How do they make the Archers?
A look behind the scenes at The Archers, the world's longest-running continuing drama
It's been running continuously since 1951, comes in 12 and a half minute episodes and was originally billed as "an everyday story of country folk". It's sandwiched between bursts of the unforgettable Barwick Green theme (dum de dum de dum de dum; dum de dum de dum dum).
The Archers is a national institution. BBC Birmingham, where it's produced, recently held an Archers weekend, so that fans could find out more about the series. As part of it, at an event in the Archers recording studio, an audience heard from two actors, a writer and a producer on the series about their jobs and a wealth of interesting details about the how the series is made.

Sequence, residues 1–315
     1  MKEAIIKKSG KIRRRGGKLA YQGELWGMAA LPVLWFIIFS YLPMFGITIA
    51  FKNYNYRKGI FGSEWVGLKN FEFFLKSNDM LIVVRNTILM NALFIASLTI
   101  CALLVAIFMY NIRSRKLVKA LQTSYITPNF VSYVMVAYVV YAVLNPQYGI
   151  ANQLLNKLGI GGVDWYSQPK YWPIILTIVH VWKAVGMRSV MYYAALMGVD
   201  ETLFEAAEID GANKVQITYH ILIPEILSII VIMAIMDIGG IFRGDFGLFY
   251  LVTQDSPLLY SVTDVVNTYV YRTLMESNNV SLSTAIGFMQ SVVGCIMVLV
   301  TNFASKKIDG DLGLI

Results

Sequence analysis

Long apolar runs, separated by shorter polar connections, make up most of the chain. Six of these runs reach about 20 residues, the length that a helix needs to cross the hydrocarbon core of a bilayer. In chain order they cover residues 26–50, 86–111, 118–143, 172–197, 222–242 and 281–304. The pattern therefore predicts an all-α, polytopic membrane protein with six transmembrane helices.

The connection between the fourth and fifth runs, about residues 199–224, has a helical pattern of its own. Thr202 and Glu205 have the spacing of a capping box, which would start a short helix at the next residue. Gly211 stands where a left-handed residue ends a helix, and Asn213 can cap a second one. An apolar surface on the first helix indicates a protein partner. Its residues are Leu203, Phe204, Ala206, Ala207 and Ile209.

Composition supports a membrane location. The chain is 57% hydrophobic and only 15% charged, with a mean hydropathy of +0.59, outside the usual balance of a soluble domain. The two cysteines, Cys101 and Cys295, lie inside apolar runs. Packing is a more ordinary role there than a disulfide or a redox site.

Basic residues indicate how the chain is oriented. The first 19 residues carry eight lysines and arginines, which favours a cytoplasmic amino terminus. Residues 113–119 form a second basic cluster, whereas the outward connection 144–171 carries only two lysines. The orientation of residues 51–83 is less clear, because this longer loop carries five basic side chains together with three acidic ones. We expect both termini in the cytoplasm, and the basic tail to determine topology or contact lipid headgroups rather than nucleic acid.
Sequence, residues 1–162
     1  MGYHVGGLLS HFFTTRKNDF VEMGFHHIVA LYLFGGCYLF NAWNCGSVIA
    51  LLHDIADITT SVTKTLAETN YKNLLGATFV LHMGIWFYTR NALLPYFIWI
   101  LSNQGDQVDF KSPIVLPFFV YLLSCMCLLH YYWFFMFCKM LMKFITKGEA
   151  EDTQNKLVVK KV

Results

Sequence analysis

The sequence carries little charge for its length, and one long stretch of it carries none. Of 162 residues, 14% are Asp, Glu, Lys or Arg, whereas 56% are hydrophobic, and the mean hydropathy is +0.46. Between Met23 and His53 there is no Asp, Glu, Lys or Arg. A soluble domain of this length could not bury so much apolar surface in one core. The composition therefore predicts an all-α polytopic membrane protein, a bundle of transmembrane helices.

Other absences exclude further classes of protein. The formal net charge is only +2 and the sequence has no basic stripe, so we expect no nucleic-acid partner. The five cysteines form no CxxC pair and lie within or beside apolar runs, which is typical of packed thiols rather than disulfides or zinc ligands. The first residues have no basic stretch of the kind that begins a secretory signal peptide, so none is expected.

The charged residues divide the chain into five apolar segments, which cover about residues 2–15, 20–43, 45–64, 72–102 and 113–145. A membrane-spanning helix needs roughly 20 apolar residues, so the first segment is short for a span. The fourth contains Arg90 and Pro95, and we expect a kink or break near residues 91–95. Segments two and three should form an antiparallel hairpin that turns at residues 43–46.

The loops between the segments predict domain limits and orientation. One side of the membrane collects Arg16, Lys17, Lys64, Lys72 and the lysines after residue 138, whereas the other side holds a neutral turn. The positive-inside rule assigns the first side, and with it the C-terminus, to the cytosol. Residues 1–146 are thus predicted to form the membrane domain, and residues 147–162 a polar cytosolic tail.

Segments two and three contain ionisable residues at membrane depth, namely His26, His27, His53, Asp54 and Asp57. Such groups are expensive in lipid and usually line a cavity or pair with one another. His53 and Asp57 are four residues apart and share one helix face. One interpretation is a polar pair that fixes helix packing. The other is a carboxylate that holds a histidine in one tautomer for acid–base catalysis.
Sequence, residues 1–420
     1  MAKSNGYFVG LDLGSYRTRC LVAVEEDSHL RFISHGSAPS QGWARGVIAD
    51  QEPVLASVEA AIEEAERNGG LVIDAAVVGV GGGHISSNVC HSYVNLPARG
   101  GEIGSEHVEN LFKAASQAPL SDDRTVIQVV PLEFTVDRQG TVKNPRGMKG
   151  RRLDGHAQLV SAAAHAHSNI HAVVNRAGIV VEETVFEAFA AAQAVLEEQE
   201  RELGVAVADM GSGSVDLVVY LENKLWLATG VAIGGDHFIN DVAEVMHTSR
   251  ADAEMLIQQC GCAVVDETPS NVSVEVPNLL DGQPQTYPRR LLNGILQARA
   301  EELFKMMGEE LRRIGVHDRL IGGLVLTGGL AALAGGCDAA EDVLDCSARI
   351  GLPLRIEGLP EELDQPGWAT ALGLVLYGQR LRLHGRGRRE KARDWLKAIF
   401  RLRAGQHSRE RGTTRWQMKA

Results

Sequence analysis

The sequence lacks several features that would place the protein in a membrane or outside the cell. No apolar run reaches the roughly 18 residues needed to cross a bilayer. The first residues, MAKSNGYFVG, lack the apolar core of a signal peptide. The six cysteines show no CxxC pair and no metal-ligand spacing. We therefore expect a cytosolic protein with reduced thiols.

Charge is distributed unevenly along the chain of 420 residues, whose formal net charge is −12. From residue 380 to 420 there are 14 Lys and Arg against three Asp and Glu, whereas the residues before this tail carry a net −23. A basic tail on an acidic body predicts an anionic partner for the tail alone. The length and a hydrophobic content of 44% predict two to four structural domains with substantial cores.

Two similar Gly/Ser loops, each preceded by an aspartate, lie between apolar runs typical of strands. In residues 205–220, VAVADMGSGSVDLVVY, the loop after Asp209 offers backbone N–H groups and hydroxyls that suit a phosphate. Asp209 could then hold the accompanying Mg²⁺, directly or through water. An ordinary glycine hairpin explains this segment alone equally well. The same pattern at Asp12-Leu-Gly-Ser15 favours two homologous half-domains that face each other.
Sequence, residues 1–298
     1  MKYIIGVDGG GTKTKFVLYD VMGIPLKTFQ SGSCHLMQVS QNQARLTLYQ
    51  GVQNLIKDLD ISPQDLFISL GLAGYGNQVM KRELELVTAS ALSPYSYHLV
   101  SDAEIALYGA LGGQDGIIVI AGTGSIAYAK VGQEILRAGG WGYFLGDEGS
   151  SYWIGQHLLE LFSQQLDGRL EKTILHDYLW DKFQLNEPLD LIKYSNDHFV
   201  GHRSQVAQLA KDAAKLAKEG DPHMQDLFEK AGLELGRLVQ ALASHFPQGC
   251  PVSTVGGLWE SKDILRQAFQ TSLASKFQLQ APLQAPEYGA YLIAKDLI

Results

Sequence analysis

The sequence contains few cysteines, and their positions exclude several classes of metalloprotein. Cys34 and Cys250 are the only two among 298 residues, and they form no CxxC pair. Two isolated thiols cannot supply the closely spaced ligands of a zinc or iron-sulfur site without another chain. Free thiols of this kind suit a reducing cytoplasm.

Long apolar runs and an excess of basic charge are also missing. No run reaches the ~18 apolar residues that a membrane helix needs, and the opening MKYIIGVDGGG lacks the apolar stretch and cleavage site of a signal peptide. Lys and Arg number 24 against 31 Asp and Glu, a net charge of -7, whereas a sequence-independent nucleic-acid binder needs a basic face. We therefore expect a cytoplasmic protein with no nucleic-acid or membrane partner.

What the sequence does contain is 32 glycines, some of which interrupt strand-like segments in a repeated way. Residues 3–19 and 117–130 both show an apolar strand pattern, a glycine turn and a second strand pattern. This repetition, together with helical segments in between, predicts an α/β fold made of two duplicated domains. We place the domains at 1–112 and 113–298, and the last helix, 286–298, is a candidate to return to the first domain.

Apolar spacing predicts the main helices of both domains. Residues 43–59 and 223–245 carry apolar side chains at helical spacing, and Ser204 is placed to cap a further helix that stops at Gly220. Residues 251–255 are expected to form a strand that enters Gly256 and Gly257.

This BBC Academy podcast presents highlights from the event, where you'll hear about
- how the Archers is written
- the invention of the character of Rob
- how Lilian and Justin's bedroom scenes are recorded
- how the child actor playing Henry never knew about the disturbing scene between Rob and Helen that he was part of
Taking part were actors Sunny Ormonde and Simon Williams, writer Tim Stimpson and producer Kim Greengrass.